As night fell, city officials set up roadblocks at city bridges and turned back everyone without a beach address. Students headed for the bars. As the sun rose Easter morning, most of the town's 30,000 visitors, bleary-eyed from drink and sleep-depravation, were busy arranging transportation back to campus. "Hopefully," a cop told reporters, "the Easter spirit will prevail. But we're ready if it doesn't."

It didn't.

Another mele erupted. Once again, beer bottles sailed like frisbees. Again, police worked their way through the crowd flailing batons. Cops collared 20 kids and threw them into the paddy wagon. Halfway to jail, the wagon erupted in flames, the inferno ignited by a student with a cigarette lighter.

All told, Ft. Lauderdale's three-day riot resulted in over 500 arrests and hundreds of thousands of dollars in property damage.

Eventually, Ft. Lauderdale would tire of hosting Spring Break. By the mid-1980s city fathers said: Enough. The city erected a wall to keep revelers contained to one side of the street. Breakers got the message and took their annual rite to more hospitable climes.

But it was the Riot of 1967 that provided Ft. Lauderdale's first glimpse at the ugly side of paradise, a wake-up call that times had changed: Modern teens, a product of the post-WWII baby boom, disdained authority and revelled in rebellion.

No doubt about it:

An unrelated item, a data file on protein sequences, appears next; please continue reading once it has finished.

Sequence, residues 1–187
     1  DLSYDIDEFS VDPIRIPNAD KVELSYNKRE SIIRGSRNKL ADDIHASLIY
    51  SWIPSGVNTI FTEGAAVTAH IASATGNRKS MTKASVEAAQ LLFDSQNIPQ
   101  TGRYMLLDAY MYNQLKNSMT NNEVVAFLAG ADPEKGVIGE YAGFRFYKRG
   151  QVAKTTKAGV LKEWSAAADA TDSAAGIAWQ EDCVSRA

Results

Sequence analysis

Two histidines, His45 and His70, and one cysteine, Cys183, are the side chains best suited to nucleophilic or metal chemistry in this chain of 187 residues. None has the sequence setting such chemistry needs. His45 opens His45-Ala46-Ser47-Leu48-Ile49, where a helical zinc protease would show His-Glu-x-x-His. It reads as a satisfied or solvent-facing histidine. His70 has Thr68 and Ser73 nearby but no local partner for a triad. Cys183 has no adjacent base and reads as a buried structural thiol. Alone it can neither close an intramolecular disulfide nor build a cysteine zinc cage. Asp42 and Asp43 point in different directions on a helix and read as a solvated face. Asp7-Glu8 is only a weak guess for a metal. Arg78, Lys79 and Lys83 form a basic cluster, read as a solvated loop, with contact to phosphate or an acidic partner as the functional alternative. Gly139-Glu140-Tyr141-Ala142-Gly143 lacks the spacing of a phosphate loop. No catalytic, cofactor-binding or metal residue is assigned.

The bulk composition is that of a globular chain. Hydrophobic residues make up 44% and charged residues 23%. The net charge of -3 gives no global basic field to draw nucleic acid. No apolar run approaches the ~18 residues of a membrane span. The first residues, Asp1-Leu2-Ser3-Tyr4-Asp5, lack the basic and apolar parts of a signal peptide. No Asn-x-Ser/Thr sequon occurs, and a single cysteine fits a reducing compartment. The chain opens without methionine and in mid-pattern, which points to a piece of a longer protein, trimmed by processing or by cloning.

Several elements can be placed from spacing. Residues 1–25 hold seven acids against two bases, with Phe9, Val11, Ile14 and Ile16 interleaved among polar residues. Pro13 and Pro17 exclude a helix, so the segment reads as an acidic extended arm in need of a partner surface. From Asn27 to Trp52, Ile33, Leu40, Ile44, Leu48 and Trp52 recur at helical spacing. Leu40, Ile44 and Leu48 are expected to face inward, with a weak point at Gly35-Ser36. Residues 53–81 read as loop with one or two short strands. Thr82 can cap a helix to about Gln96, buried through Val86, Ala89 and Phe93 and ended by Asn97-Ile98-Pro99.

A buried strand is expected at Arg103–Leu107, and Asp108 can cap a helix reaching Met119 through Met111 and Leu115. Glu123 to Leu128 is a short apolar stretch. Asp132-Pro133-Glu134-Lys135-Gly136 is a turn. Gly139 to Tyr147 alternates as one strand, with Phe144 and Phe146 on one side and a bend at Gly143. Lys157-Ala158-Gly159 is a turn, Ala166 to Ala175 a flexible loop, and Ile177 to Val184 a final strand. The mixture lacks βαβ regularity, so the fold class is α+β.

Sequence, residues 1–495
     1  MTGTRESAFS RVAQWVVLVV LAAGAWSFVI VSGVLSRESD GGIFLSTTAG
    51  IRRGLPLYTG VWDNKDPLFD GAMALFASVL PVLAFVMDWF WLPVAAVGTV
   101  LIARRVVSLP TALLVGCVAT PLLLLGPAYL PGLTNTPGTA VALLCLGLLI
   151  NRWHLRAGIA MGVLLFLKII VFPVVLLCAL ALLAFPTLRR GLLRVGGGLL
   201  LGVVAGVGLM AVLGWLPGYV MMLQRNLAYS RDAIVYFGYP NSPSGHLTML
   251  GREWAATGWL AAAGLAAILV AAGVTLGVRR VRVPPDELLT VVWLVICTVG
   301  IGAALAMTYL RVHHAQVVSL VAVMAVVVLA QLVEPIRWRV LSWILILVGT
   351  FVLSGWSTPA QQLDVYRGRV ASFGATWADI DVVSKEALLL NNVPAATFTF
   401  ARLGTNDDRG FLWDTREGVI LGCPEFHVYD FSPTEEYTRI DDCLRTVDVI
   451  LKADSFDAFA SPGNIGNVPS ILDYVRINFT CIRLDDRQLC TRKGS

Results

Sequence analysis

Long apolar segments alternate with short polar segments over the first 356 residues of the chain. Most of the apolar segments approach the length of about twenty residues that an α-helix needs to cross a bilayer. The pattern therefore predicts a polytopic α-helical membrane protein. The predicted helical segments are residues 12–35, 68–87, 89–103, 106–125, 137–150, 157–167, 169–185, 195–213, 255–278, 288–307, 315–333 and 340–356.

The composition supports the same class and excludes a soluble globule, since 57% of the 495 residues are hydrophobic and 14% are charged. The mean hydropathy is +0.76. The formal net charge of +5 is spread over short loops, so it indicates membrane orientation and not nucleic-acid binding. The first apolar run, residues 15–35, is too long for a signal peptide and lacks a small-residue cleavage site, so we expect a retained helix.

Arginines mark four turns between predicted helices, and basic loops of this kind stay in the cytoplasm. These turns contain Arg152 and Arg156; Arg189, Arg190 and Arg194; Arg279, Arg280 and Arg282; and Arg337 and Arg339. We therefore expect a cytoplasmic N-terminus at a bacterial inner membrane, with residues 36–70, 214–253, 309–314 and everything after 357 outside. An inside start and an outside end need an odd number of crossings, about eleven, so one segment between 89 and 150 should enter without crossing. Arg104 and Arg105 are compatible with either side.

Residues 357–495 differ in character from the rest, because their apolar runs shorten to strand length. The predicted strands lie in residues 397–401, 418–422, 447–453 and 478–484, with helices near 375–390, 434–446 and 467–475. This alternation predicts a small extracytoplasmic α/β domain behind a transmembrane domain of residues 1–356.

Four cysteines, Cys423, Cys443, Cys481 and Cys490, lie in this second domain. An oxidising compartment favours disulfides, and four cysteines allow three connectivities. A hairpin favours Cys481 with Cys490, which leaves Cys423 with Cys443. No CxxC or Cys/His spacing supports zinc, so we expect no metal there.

Connie Francis and George Hamilton they were not.

--Ken Brooks
Yesterday in Florida, Issue 20

Tuesday, May 27, 2008

The Making of PT 109...How Hollywood helped spin the Kennedy legend

He was our nation's first cult president, an impossible combination of leading-man looks, political savvy, and boundless personal charm. Not surprisingly, he was the first living President of the United States to be the subject of a major motion picture.

The inside story of the making of that picture, PT 109--America's first marriage of presidential politics and Hollywood film-making--illustrates the principle that in Washington as in Tinseltown, it's all about the Art of the Spin.

The meteoric political rise of John Fitzgerald "Jack" Kennedy--the protagonist of our tale--in fact began with a shamefaced debacle aboard patrol-torpedo boat 109 in the South Pacific during World War II. Kennedy was a 26-year-old Navy lieutenant in charge of the fast-moving, 80-foot PT boat, one of over 600 such vessels defending the South Pacific. In the moonless midnight blackness of August 1, 1943, Kennedy's 109 was rammed and sunk by a Japanese destroyer. Two of 12 crew members drowned; Kennedy led the survivors to safety, swimming island to island until help arrived.

The incident left Jack Kennedy deeply ashamed. He should have been: In the entire history of World War II, the 109 was the only PT boat ever rammed and sunk by a Japanese destroyer. There were even whispers of a possible court-martial on grounds of dereliction of duty.
Enter Joseph P. Kennedy, Jack's dad.

Joe was one of the richest blokes in America and a pioneer in the Art of the Spin--former bootlegger, stock manipulator, and Hollywood producer. It was Joe's dream to put a son in the White House, and to that end he